After the Republican-led state legislature, earlier this year forced through new laws severely restricting the ability to cast a ballot — laws that disproportionately affect Black voters in particular — the man who oversees elections in Georgia is now threatening to purge more than 100,000 registered voters from the rolls just weeks ahead of special runoff elections to fill a vacant State House seat, reports NewsOne.

Georgia Secretary of State Brad Raffensberger last week made the names public of about 102,000 registered voters who he said have moved or haven’t voted in recent elections, the Atlanta Journal-Constitution reported. Both factors are reasons to remove their names from the voting rolls, Raffensperger threatened.

Those 102,000 voters will be notified by the state. If they respond within 40 days, their right to vote in the July 13 election will be reinstated. If not, their names will be purged. However, there are just 22 days remaining until the election next month.

Raffensperger said in a statement that he’s previously purged far more voters from the rolls than just 102,000 and said he would have no problem doing the same again. He referenced voting rights champion Stacey Abrams in a brief statement about his decision to take action against Georgia’s voter rolls.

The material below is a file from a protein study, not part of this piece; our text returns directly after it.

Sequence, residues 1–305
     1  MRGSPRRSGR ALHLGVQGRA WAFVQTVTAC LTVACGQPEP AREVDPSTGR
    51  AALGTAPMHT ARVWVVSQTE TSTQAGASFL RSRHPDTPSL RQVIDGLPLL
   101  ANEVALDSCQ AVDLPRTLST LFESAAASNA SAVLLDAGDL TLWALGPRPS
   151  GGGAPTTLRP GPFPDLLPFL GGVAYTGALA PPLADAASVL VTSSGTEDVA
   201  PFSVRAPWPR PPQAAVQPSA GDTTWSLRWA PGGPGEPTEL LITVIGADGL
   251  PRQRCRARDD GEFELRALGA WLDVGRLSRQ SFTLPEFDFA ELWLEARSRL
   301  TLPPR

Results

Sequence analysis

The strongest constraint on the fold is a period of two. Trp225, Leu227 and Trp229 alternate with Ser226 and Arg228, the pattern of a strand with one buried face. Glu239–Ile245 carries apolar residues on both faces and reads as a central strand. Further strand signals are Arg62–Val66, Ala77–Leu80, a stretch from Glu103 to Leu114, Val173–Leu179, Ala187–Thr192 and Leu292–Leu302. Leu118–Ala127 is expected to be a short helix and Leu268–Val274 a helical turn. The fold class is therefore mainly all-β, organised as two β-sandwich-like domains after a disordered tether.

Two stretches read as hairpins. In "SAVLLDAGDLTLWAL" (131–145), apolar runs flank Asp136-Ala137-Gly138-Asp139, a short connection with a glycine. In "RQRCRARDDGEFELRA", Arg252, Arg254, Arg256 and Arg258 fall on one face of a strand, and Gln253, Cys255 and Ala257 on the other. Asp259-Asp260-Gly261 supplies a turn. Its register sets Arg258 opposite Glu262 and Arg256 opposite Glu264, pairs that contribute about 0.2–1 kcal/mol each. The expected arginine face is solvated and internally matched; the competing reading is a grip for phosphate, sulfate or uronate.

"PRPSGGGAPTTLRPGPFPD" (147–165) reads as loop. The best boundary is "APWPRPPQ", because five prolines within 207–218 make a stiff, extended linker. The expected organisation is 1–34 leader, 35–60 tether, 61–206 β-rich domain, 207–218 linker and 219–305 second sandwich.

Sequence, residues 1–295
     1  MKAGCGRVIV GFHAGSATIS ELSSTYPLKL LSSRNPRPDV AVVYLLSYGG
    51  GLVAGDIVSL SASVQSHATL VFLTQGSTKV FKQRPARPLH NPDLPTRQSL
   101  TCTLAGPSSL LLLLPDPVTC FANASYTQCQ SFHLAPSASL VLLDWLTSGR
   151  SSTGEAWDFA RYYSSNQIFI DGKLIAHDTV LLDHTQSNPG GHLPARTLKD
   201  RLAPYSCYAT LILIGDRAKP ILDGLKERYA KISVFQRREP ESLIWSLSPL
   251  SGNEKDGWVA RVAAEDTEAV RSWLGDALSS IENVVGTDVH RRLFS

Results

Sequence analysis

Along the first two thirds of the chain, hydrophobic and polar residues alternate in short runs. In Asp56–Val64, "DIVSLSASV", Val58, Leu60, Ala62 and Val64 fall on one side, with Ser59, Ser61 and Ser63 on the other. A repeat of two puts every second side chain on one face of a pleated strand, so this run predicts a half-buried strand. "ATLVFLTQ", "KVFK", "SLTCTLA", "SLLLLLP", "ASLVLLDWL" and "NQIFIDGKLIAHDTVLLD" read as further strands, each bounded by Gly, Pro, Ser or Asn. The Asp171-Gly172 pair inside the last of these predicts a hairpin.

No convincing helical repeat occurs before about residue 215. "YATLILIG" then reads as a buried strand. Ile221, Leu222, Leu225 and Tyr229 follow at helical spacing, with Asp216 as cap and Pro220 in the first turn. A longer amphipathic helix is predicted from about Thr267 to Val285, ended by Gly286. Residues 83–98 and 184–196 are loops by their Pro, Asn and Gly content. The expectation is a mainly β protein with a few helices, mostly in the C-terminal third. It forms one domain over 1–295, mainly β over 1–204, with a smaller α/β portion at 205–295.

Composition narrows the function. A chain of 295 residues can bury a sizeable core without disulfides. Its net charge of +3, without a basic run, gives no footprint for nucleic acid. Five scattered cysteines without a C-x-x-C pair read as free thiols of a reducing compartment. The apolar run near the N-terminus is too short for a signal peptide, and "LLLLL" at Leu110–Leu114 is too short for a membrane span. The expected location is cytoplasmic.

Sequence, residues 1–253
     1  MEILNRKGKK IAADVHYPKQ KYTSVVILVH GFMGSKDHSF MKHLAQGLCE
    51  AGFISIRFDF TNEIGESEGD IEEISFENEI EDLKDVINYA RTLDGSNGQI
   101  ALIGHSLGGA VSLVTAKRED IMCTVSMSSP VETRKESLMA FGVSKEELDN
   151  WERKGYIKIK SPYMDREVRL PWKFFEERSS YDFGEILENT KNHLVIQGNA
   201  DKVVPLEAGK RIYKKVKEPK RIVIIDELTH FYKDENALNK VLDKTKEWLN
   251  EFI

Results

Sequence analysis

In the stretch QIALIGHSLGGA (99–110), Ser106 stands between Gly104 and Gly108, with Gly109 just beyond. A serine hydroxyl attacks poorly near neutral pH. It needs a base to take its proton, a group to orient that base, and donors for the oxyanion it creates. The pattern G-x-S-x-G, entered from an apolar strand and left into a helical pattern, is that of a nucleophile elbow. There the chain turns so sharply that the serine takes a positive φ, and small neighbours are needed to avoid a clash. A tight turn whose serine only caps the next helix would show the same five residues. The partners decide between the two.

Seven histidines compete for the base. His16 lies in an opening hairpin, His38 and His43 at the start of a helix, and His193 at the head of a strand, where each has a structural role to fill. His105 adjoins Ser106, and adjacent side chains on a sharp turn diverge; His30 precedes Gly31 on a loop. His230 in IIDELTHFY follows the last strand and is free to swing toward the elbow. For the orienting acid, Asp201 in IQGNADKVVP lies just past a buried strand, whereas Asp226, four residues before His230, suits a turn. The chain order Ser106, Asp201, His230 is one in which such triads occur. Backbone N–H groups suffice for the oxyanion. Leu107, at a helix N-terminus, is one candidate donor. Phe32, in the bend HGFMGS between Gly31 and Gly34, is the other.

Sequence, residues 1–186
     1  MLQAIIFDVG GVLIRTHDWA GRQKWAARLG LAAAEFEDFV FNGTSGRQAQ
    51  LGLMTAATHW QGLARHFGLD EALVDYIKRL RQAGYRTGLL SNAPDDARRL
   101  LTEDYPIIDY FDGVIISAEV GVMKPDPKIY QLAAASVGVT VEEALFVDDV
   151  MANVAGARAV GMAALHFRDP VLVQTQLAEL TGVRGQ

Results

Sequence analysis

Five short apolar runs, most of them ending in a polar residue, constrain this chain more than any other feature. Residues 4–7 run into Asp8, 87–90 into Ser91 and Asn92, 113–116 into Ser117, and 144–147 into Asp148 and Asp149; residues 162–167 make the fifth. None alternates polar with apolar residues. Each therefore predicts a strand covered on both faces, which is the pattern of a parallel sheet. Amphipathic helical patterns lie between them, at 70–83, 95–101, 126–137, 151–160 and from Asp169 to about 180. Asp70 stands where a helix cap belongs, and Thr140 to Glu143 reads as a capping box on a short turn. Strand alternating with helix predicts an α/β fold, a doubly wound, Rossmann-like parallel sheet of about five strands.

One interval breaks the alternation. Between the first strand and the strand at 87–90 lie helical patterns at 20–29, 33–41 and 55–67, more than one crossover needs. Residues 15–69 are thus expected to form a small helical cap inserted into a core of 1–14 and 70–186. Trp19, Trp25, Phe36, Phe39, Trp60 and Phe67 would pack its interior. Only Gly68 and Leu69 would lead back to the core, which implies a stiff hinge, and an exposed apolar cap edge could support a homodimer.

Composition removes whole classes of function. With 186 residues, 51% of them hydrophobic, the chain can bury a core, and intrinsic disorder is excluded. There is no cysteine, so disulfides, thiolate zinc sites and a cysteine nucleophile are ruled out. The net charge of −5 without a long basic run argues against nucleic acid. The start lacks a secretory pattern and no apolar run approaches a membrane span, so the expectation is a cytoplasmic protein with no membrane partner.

“Making sure Georgia’s voter rolls are up to date is key to ensuring the integrity of our elections. That is why I fought and beat Stacey Abrams in court in 2019 to remove nearly 300,000 obsolete voter files before the November election, and will do so again this year,” said Raffensperger, who was Gov. Brian Kemp’s running mate in 2018 on the Republican ticket. “Bottom line, there is no legitimate reason to keep ineligible voters on the rolls.”

Raffensperger was referring to the lead-up to the 2020 election when a judge ruled that more than 300,000 voters from the rolls in what seemed like a partisan effort to affect last year’s election. To Republicans’ dismay, of course, Abrams’ hard work to register voters paid off for Democrats, flipping the traditionally red state blue and securing the crucial Electoral College votes that Joe Biden needed to win his presidency.